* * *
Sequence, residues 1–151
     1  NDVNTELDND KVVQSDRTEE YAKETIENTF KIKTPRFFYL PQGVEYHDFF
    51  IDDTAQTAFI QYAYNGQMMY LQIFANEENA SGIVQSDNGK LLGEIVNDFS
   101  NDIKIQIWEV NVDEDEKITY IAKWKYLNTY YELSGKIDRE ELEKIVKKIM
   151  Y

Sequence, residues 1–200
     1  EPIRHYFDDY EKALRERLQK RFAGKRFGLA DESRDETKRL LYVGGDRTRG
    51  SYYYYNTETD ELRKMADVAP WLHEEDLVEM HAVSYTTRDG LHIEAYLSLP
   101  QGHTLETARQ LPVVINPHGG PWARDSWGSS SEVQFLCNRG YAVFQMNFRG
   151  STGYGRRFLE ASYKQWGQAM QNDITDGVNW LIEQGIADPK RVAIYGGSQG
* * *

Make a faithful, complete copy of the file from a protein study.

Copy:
Sequence, residues 1–151
     1  NDVNTELDND KVVQSDRTEE YAKETIENTF KIKTPRFFYL PQGVEYHDFF
    51  IDDTAQTAFI QYAYNGQMMY LQIFANEENA SGIVQSDNGK LLGEIVNDFS
   101  NDIKIQIWEV NVDEDEKITY IAKWKYLNTY YELSGKIDRE ELEKIVKKIM
   151  Y

Sequence, residues 1–200
     1  EPIRHYFDDY EKALRERLQK RFAGKRFGLA DESRDETKRL LYVGGDRTRG
    51  SYYYYNTETD ELRKMADVAP WLHEEDLVEM HAVSYTTRDG LHIEAYLSLP
   101  QGHTLETARQ LPVVINPHGG PWARDSWGSS SEVQFLCNRG YAVFQMNFRG
   151  STGYGRRFLE ASYKQWGQAM QNDITDGVNW LIEQGIADPK RVAIYGGSQG